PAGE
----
Historical Article (1893)
How to Draw A Glass of Ice Cream Soda
Saxe's New Guide, or Hints to Soda Water Dispensers. Chicago: The Saxe Publishing Co., 1893. pp. 21-22.
Very few dispensers know how to draw a glass of ice cream soda properly. This may seem strange, but it is nevertheless a fact. The usual method is syrup first, ice cream next, then a little wind and water, that's all. This makes a very unsatisfactory drink as it is not properly mixed, and cannot be properly mixed in this manner, unless you use a spoon and make a mush of it. In drinking a glass of soda served as above, 1st you taste wind, 2d plain soda, 3d ice cream, 4th syrup, all separate. This leads the customer to think that your ice cream soda is bad, and he goes out dissatisfied, but had you mixed the drink properly, using the same material, no doubt he would have been well pleased.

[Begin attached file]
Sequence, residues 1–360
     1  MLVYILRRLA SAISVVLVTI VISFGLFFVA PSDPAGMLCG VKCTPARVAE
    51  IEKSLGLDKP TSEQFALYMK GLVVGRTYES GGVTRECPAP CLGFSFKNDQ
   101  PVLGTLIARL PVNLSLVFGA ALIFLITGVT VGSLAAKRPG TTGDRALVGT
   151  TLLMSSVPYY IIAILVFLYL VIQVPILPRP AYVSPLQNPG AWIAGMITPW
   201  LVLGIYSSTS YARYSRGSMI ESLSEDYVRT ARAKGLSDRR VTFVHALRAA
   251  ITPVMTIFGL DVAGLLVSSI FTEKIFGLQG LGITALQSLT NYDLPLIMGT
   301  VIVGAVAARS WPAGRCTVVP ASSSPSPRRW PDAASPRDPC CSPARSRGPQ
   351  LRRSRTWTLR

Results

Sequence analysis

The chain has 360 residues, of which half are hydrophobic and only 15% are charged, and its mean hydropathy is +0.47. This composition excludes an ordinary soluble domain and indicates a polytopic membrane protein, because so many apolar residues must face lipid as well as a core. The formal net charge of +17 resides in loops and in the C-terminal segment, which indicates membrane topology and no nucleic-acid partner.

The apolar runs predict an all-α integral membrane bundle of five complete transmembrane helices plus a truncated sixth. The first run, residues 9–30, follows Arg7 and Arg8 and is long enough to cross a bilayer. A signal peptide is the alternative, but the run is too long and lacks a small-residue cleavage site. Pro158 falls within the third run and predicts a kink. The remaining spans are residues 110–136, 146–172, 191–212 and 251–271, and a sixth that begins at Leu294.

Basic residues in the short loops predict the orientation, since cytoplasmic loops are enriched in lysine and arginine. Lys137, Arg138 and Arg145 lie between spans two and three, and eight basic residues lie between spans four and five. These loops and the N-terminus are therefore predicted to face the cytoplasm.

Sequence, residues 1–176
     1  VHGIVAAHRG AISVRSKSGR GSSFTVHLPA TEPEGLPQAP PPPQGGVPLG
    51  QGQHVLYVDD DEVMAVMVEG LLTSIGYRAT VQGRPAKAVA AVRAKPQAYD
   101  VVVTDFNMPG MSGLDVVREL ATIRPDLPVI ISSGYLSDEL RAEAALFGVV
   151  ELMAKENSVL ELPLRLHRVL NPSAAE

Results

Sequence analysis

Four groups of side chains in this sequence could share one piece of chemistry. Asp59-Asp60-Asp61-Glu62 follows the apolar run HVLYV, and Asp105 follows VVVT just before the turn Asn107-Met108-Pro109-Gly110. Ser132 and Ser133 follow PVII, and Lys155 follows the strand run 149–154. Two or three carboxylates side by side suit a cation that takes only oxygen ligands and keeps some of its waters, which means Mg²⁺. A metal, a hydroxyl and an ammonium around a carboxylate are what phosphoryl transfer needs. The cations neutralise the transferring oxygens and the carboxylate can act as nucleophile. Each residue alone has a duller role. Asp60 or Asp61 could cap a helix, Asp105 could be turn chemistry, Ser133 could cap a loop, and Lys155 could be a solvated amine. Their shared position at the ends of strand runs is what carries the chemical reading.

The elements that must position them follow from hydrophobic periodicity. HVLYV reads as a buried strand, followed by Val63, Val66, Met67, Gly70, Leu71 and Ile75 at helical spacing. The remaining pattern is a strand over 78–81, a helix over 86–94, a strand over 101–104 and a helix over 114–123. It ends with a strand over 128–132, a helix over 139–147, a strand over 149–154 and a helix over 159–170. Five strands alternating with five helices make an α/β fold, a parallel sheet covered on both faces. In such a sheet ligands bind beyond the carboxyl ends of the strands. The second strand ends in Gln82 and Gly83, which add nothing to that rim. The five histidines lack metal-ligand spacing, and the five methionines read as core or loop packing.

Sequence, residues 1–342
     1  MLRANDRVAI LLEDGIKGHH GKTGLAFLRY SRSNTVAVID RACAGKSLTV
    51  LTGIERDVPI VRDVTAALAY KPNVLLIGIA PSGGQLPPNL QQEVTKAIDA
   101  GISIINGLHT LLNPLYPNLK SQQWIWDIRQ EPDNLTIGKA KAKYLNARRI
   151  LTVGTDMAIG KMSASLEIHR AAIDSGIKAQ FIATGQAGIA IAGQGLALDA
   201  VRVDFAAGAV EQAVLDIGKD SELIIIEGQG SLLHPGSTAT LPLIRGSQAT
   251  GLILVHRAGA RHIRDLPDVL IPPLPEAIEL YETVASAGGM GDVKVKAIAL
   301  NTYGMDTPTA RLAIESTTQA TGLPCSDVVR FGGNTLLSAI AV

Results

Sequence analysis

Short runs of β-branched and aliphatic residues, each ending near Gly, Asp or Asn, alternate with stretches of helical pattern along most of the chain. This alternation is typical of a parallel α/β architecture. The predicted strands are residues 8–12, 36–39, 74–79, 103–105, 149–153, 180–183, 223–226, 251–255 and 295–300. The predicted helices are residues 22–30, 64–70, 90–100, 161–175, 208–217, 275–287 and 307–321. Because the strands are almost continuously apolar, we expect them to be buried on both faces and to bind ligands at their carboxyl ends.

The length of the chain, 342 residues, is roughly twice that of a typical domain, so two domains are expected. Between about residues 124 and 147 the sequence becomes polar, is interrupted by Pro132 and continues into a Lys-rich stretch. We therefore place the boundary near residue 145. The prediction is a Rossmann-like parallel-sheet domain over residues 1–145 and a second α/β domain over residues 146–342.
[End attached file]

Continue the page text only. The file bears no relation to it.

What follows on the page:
I always teach my soda men to draw the syrup first, then turn on the fine soda stream a moment, then the course, and again fine till the glass is about one-half full, and the syrup is thoroughly mixed with the water, then drop in the ice cream, and top off with a fine stream of soda. In this way you have a glass of soda thoroughly mixed, with the ice cream in the center, floating around, and not adhering to the sides of the glass. Try my way and see if your customers are not better satisfied with the result.
In the late nineteenth-century, before photographs became the standard images used in advertising, illustrators frequently made the figures in their advertising artwork look as much like celebrities as was possible while still avoiding outright libel. The lady in this Hires' Root beer ad resembles First Lady Frances Cleveland, and is even wearing the same dress Mrs. Cleveland wore in official portraits!
Get this image on a canvas tote bag
Get it on a greeting card
More Victorian advertisements
Other Soda Articles:
The American Drink (1897)
Evils of Encouraging the Ice Cream Soda Trade (1897)
How to Draw A Glass of Ice Cream Soda (1893)
Serving Ice Cream Soda (1901)
Soda Water (1896)
Back to Historical Articles Index
Acid Phosphate (for adding to sodas): Extinct Chemical Company http://www.artofdrink.com/shop
Tonic (for adding to sodas): Bradley's Tonic Co. http://kinatonic.com/about-us/
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